Right now, these families might have more clarity on their duties and rights as consumers rather than as citizens. And you know what? It doesn’t matter, because in a great sense, all this new consumption experience is the entry door for social inclusion. For the first time in generations, millions of Brazilians now have a say and feel like they're more a part of a bigger, national project. For the first time, their role in the society is clearer than ever. Is this a dangerous shortcut to building a sense of citizenship for Brazilians? Maybe, but it’s better than total alienation and stagnation.

As a result, we at Cannes as global brand creators and leaders, should be conscious of the big responsibility we have at-hand while creating and developing the brands that ultimately will become the role models for Brazilians to build and forge their own identity.

What is the “C Class” and what do they represent?

The “C Class” in Brazil accounts for 108 million people (nearly 54% of the population) that spends around R$ 1,17 trillion (US$ 530 billion) and are responsible for 58% of credit in Brazil. They represent a new mentality, an emerging social class of people, 40 million (that’s half of France, or all of Argentina) of which have just become consumers, and are avid for new experiences, hedonism, etc. The new Brazilian middle class is getting more self-confident, hungry for new experiences and achievements, and far more critical and demanding to what government and public structure can provide to them. This is the reason why we’ve been witnessing the frequent street demonstrations throughout the last year.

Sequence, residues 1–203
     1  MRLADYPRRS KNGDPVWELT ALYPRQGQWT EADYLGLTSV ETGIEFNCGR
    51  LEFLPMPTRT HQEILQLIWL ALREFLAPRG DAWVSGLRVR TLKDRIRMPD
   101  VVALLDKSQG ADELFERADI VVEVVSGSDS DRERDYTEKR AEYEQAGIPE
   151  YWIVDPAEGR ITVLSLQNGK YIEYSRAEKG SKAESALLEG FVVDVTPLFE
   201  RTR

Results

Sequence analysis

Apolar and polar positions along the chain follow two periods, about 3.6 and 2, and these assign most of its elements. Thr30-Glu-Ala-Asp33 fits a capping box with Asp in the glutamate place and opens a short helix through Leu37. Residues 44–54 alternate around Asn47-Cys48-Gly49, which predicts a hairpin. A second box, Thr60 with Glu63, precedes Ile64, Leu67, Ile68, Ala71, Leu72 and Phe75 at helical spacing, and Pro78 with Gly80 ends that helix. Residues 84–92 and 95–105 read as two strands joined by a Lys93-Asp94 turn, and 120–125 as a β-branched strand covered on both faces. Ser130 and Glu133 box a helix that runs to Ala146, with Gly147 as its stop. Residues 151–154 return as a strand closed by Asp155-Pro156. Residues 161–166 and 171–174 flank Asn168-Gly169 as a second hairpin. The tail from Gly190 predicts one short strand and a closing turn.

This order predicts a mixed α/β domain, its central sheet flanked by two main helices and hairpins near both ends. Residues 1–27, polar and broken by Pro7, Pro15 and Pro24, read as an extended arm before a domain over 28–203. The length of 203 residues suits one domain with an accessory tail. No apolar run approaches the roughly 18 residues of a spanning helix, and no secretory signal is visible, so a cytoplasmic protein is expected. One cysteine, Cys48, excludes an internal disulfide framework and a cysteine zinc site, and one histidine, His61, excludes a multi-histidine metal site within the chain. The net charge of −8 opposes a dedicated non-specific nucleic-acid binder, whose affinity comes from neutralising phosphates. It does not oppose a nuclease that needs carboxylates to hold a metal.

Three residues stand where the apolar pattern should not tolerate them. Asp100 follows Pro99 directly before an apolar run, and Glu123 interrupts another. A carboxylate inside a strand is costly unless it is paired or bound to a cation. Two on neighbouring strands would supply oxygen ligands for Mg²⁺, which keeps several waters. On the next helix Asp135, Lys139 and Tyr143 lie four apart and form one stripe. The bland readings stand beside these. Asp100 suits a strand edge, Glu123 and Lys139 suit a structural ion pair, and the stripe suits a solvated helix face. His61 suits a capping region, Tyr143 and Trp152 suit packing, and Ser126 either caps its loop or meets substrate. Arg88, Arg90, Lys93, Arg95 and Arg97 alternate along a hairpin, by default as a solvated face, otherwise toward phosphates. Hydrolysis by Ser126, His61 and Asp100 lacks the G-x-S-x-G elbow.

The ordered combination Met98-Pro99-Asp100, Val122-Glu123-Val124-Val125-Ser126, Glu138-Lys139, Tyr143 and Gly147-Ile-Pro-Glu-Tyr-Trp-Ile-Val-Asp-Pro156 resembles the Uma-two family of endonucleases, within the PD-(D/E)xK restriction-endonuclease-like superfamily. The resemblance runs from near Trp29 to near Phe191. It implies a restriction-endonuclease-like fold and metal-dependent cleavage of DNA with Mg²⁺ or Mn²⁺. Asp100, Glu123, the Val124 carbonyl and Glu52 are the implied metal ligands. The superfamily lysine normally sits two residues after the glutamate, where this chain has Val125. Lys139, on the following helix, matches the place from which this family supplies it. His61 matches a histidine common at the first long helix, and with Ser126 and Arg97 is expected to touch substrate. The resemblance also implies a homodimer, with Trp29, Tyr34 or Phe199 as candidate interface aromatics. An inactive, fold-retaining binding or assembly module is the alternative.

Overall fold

Brazil has a strong and proud creative history for a long time — why do you think that is?

I do believe it is in our DNA. This nation’s origin, 514 years ago, is fruit of a great miscegenation of native Latin American Indians, Europeans (Portuguese, and later on – right after the second World War: Japanese, Germans, Italians, Lebanese, you name it). However, rather than forming several sub-ethnic groups, Brazil has always been forced to stand as a unique nation, with miscegenation at the centre of it.